I was deeply moved by one account of a fellow and much valued priest who, despite being slightly weary from so much listening and so little change over the years, wanted to engage with #LLF. Equally moving was a blog post from another colleague in response to The Beautiful Story – it expresses wonderfully the challenges of growing up, and living, within the margins. I commend both pieces to you.
I too have spent much of my life on the margins. This has been most enduring through my experience of being a lesbian in the church, where the theology espoused in The Beautiful Story at times jeopardised my own love story with God and held me back from seeing myself as “fearfully and wonderfully made” (Psalm 139: 14). Secondly, I think back to living as a foreigner in Japan for four years in my twenties ; and in more recent years, spending five weeks on placement at St Alban’s Anglican-Episcopal Church in Tokyo. I learned so much from this community who were on the margins of the society they lived within because of their status as foreigners in Japan, or their Christian faith which was incongruent with the beliefs of the wider Japanese society.
Whilst being on the margins can feel painful and uncomfortable, there is huge treasure in the realisation that Jesus never fully fitted either. Jesus modelled living from the margins. Jesus, therefore, offers us much as LGBTQ+ Christians who are so often outside, looking in. Yes, it is exhausting, but Jesus, who saw the woman at the well, who healed the lepers, who gave sight to the blind, who did not condemn the woman caught in adultery, Jesus sees you and me. Jesus knows you and me. Jesus loves you and me. Jesus calls you and me to be who we were meant to be and set the world on fire – this is our beautiful story!
I’m not sure whether this is just me, but I have began this week so weary, tired beyond that which sleep can remedy. Earlier in the week I picked up my camera and put on my wellies to walk, pray and meet God, in need of a refreshment which only comes from God. I felt I needed the extra encouragement of somehow seeing God.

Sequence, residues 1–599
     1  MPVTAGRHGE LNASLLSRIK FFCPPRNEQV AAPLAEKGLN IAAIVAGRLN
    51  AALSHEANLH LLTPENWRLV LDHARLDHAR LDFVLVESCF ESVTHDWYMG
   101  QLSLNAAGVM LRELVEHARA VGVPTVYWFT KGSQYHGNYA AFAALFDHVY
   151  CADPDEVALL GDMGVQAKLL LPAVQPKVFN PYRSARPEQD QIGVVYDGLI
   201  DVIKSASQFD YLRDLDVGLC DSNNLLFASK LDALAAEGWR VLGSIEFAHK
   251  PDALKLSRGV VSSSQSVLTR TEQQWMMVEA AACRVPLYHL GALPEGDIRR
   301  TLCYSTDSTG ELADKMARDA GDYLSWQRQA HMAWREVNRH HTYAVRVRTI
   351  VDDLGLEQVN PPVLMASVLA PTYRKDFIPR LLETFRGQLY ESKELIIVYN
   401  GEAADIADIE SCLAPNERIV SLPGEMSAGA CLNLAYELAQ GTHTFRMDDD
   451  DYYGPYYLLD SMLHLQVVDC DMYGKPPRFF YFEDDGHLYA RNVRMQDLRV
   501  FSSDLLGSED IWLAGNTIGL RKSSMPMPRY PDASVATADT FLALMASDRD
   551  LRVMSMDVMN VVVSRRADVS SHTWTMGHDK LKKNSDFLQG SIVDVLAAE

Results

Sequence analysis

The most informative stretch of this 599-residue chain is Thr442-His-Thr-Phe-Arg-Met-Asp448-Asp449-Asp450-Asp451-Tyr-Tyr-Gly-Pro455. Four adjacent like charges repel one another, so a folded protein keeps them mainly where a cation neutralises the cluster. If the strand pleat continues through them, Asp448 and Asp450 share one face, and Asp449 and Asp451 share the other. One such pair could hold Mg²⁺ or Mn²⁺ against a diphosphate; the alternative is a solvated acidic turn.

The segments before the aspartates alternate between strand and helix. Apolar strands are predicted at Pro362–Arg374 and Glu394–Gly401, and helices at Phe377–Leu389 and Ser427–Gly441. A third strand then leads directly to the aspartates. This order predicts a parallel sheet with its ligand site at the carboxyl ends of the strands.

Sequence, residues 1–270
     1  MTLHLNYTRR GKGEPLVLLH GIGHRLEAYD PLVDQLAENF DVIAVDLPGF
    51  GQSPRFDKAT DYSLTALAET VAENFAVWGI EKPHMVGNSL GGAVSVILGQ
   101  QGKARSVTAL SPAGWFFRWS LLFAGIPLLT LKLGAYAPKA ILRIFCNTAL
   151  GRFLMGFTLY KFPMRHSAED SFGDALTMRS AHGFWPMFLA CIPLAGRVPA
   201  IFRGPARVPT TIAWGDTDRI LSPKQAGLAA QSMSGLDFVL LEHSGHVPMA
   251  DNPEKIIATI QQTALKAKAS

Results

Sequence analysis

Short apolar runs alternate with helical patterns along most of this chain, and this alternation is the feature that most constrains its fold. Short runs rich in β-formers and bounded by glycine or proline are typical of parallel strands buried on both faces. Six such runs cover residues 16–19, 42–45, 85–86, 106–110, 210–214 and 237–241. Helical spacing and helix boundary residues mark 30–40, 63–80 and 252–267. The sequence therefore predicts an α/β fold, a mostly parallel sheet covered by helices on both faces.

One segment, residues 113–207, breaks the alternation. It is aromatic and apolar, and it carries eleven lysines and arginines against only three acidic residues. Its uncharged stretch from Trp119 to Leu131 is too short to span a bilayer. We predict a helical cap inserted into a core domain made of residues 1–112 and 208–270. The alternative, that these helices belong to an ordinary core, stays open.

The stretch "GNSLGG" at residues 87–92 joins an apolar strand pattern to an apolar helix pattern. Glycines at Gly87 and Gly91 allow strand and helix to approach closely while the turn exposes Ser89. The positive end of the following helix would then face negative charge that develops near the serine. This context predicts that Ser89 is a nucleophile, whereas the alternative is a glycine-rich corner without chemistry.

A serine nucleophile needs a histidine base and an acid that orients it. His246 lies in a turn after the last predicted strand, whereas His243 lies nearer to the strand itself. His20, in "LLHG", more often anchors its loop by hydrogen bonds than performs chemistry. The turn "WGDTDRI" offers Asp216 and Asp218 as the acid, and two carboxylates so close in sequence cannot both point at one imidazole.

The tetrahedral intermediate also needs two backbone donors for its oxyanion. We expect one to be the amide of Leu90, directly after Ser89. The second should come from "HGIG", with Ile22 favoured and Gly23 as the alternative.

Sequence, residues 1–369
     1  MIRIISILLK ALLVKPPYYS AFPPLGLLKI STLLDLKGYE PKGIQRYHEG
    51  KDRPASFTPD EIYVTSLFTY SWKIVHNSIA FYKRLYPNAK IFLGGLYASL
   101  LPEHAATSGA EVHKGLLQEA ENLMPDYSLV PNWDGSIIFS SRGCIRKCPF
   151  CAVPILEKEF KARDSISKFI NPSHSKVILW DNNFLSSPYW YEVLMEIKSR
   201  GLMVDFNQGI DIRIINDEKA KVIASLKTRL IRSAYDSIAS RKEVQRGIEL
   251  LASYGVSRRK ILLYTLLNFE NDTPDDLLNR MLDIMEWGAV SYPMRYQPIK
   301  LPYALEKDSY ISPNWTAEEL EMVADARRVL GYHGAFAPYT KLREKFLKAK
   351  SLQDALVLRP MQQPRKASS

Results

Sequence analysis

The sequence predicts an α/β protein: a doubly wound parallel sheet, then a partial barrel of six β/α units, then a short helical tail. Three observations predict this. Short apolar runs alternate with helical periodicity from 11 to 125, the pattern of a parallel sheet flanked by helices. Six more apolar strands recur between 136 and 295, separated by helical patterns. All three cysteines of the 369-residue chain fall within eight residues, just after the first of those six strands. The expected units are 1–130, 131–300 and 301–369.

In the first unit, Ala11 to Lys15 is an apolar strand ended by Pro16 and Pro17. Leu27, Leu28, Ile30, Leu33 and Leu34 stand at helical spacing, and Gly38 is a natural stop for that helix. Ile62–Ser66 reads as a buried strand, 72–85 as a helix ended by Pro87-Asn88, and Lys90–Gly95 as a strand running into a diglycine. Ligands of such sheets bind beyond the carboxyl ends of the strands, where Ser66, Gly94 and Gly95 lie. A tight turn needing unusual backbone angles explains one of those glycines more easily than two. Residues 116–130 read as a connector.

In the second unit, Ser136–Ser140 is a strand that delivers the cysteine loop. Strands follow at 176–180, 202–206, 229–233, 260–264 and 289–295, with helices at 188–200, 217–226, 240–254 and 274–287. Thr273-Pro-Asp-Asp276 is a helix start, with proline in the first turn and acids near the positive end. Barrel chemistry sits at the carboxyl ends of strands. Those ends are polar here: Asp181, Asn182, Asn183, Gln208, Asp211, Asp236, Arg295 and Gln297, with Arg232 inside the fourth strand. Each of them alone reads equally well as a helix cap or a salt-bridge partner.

God is so gracious and God allowed me to see that Divine, holy presence with me, with us….
…In the gift of a bench which so many sit on and gaze out to the beautiful view across the fields, alone or with others.
…Within the complexity of creativity, where spider’s webs house the refreshment of the early morning dew.
…Within the refreshing nourishment which God provides for all creatures.
…Peeking through the fog as rays of sun bringing warmth to the day.
…And in the colours of the changing, falling, leaves highlighted by the sun reminding me of the beauty to be found in endings as well as beginnings.
It was a truly wonderful walk with God, and has sustained me well since. I realised that I had not made time to walk with God for a number of months!
How about you? In the difficulties of our daily lives amidst a pandemic, when did you last walk with God? Or where have you encountered God over the last few days?
“He leads me beside still waters; He restores my soul.”Psalm 23
This week I have been reminded of the importance of stopping and being attentive, noticing the echoes of God in the world around. The last few weeks have been somewhat hectic as I have tried to get settled into my new parishes, and get to know people, amidst the strange times of social distancing. Amongst many other things, one of my tasks was to think with a few others about what we might be able to ‘do’ over the coming months. A number of conversations and penned plans later, I watched the unfolding announcement of a second national lockdown.
I’m not sure why the news of this discombobulated me so much…perhaps it was a greater awareness, compared to March, of the great many losses that lockdown seemed to claim, whilst also recognising that it seemed that we had reached the point where it was, once again, necessary.
After that news we witnessed the US presidential elections, more aware than ever perhaps, of the importance of one decision for the lives of so many.
As I watched this unfold, in the midst of the leaves falling, I have become aware of our fragility…we have to shed in order to grow. As I led a Burial of Ashes service last week I heard the words of 1 Corinthians 15:36 for the first time, it seemed: “Fool! What you sow does not come to life unless it dies.”